Frequently Asked Questions
How do I...?
There are 4 basic steps to creating a table in WebCASPAR. Begin on the Home page.
- Step 1: Select the data source(s) of your choice. You may choose one or more from the NCSES surveys in the left column or the NCES IPEDS surveys in the right column. Once you have selected your sources, click the "Select Data Source(s)" button.
Step 2: Select the analysis variable(s) of your choice from the drop down box. You may select multiple analysis variables (see instructions). Click the "Select" button.
- The selected variables are shown under "Table Summary". You may remove these or add new analysis variables to the list.
- Once you are satisfied with the analysis variables, click the "Modify Classification Variables" button or use the tab at the top of the page.
- Step 3: Select the classification variables of your choice. Note that Year is a required classification variable and can't be removed. You may select multiple classification variables (see instructions). Click the "Select" button.
- The selected variables are shown in the middle of the page following "Year". You may edit, remove, or add new classification variables to the list.
- Once you are satisfied with the classification variables, click the "View Table" button or use the tab at the top of the page.
- Step 4: Your table is dynamically generated. Please wait while the table is generated. Complicated tables with a large number (six or more of each) of analysis and classification variables are too large to be generated and shown on the screen. Please contact WebCASPAR using the "E-mail WebCASPAR" link at the bottom of the screen with questions.
- Two different step-by-step tutorials are available to assist in creating tables in WebCASPAR.
- The Association for Institutional Research (AIR) has created streaming flash videos and download files to assist users with the WebCASPAR system.
- You may contact WebCASPAR for assistance using the "E-mail WebCASPAR" link at the bottom of the screen.
There are two main resources to help determine which data source is appropriate.
- Find a Variable link at the top of the page
- Use Data Sources Available by Subject if searching by broad subject area. Areas covered include data on people, such as degrees, completions, enrollment, and salaries; financial data on R&D investments and tuition; and data on research facilities.
- Use Data Sources Available by Classification Variable if searching for classification variables that are qualitative or categorical, such as Carnegie classification, citizenship, discipline, or state.
- "Info" links
- On the Home page, "Info" links are provided after each data source. Click to get a more detailed description of the data source.
- Find a Variable link at the top of the page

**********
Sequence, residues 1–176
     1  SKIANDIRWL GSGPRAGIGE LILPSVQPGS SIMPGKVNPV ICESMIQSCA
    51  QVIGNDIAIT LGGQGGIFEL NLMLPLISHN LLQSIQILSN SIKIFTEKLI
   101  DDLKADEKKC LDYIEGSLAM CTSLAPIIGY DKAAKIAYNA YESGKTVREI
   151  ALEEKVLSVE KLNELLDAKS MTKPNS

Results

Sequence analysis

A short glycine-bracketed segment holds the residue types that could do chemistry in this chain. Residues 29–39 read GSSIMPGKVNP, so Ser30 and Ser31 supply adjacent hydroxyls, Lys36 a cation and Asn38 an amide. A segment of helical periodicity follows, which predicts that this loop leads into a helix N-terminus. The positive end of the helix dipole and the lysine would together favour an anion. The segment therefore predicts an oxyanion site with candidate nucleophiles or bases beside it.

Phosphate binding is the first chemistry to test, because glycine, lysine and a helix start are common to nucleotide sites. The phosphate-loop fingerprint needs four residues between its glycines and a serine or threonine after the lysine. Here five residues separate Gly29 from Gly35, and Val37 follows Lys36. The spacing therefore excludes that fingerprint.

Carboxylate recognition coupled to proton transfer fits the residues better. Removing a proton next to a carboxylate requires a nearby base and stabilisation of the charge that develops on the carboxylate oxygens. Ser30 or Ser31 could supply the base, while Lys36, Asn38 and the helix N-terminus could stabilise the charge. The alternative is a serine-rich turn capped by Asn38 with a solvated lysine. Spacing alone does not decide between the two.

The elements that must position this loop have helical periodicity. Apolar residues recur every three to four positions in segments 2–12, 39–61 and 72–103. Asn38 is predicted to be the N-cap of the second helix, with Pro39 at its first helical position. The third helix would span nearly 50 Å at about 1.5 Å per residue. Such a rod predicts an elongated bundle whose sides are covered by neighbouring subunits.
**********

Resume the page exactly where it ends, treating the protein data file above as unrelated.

An analysis variable is a quantitative data element such as number of graduate students, salary, or R&D expenditures.
A classification variable is a qualitative or categorical data element such as academic institution, enrollment status, field of science and engineering, or gender.
In most cases, the two variables will give different results. Some data detail isn't available when using a standardized variable.
- Survey-specific variables correspond directly to a single survey and may only be used when creating a table from a single data source. Survey-specific variables should be used when you want the most detailed information from a single survey.
- Standardized variables must be used when creating tables across multiple data sources. For example, if you are interested in R&D expenditures and graduate students by academic institution, you will need to use the standardized Academic Institution variable since these two variables come from two different data sources.
- Standardized variables sometimes need to be used to obtain data across multiple years. For example, you will need to use a standardized Academic Discipline variable to view IPEDS Completions field data for time periods spanning 1986 and 1987 due to a change in survey design.
Tables are generated dynamically from underlying databases. Please be patient as it may take a bit of time to generate a table.
- Things to avoid that cause the system to time out:
- Do not create large or complex tables (those with more than 6 analysis variables and more than 6 classification variables).
- Do not create multiple tables at the same time.
- Do not use the back button while the system is generating a table.
- Do not click the "View Table" or the "Download Table" button again while the system is generating a table. This causes the table request to be submitted again and slows the system even more.
- Tips for avoiding time outs:
- Reduce the number of analysis and classification variables in your table.
- Create simple tables in a sequential manner (and merge them outside of WebCASPAR).
- Use the "Download Table" feature instead of "View Table".
- Contact email@example.com if you experience delays or time outs.
- Things to avoid that cause the system to time out:
Classification variables are qualitative or categorical data elements. You may select all values or you may select specific values for your table.